Gears of Capitalism

Converting Debt Into Capital

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  1. All money is borrowed into existence. There is no way for individuals to create new money themselves. Everyone must compete for a share of the existing money supply. Everyone must rely on a chosen few who have been given an exclusive right to create, control, and own, the nation's currency and credit supply. Every dollar in existence is being rented by someone, somewhere in the economy, from the money creators.

  2. All debt demands interest. Borrowers must pay back the original amount of the loan (the principal) plus a rental fee (the interest). The longer it takes to pay back the loan (the term) the higher the rental fee. To reduce interest costs, businesses try to repay their loans as quickly as possible, before the assets they finance wear out. When the principal repayment rate exceeds the rate of depreciation, debt-free assets accumulate.

  3. Businesses must add borrowing costs (both principal and interest) to their prices. Any business that can't make its loan payments will be shut down by the lender. Debt and interest necessitate profit. Profit obscures true costs, distorts prices and is the primary cause of inflation. Profit necessitates the notion of subjective value which provides a convenient camouflage for greed.

  4. Interest payments send profit to the lender, increasing his financial capital. Principal payments eliminate debt and accumulate assets for the borrower, increasing his physical capital (buildings, machinery & equipment). Businesses also add profit to increase their financial capital. Capital is really just productivity taken from workers and charged to consumers.
Surplus financial capital is then lent out again and the whole process starts over at number 1.

For those who have a mathematical mind, consider the following example which uses three actors: a bank, a business and (the rest of) the market.
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About Ownership
  1. Banks own the money they lend. Others must work first to earn money to lend. Banks just type a few keystrokes and the money they loan becomes theirs instantly.

  2. Assets purchased with borrowed money belong to the borrower once the loan is repaid in full. People who buy a house to live in themselves must work to earn the money to repay their mortgage. When you pay for something yourself, from your own hard labour, you should rightfully own it.

  3. Look around you and marvel at the magnitude of the money scam. All of society's commercial assets, the bank towers and shopping malls, the factories and office buildings, the machinery and equipment, all of it... originated as debt, was created by workers, then paid for by consumers, yet none of it belongs to them. It all belongs to business. It was all created as debt, then laundered into private capital at the public's expense.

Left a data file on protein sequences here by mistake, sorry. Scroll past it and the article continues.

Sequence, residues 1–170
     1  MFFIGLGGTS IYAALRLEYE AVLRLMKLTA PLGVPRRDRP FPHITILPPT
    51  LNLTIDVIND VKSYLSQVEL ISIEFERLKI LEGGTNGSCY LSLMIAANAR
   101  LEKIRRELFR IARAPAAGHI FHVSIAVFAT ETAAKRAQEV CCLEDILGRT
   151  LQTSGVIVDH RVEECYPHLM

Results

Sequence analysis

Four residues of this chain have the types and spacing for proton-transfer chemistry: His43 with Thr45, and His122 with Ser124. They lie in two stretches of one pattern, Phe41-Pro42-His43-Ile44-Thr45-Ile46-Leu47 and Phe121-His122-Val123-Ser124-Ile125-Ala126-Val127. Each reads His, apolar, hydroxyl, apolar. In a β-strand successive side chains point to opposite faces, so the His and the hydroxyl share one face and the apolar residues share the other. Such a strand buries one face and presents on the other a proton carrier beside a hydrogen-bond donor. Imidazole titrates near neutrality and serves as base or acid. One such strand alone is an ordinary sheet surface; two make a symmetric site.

4. Businesses don't pay for the assets they buy themselves. Their customers do. Both loan principal and interest costs are included in the prices they charge their customers. After their customers have repaid the loans, the assets belong to the business. When customers pay for business assets from their own hard labour, shouldn't the assets rightfully belong to them?
Lifting The Veil
It is curious that society's obsession with continuous improvement somehow skipped over our monetary system. Every other product you can imagine has been redesigned, improved and updated hundreds or thousands of times in the last century. Compare the first automobile to the cars of today, or the turn of the century farm to the modern agribusiness. Every field of science, medicine and technology advanced exponentially precisely because it never stopped asking why. Our money system, however, remains basically unchanged. We've added some exotic new accounting formulas and derivatives and expanded our payment and exchange systems, but the basic concept of money is still exactly the same.

So why has so little effort gone into improving our monetary system? Is capitalism already so perfect that it is impossible to improve? Is this really the best we can do? Perhaps more importantly we should be asking who is discouraging improvements in the design of our money system... and why? And why are the people who do suggest a more equal or fair money system immediately labelled as communists or socialists and dismissed as troublemakers.

The answers seem obvious. The true nature of money remains shrouded in mystery because those who control and benefit from it want it that way. So long as the public remains in the dark and fearful of change, the money lenders can work their magic and stay fabulously rich. Their debt-money system can continue to steal the productivity of workers and convert it into private capital for themselves.

Wake up and start talking about this. We can do better. It is time to lift the veil and improve our money system.